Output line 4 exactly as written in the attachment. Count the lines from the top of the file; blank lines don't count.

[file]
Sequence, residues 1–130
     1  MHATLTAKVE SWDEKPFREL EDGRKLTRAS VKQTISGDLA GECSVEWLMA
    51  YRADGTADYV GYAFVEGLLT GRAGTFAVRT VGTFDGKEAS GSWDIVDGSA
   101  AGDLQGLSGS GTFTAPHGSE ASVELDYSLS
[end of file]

   101  AGDLQGLSGS GTFTAPHGSE ASVELDYSLS